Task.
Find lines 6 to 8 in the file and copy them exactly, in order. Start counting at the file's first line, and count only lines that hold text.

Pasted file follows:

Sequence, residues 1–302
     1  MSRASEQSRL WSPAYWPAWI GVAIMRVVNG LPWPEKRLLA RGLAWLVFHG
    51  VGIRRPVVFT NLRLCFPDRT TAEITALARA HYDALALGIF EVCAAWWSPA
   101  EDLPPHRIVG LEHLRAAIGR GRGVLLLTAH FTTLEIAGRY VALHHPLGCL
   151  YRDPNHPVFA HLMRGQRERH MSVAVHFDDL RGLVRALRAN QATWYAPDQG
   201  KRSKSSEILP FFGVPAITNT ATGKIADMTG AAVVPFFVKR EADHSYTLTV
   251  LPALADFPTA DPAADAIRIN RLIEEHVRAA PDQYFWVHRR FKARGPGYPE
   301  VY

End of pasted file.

   201  KRSKSSEILP FFGVPAITNT ATGKIADMTG AAVVPFFVKR EADHSYTLTV
   251  LPALADFPTA DPAADAIRIN RLIEEHVRAA PDQYFWVHRR FKARGPGYPE
   301  VY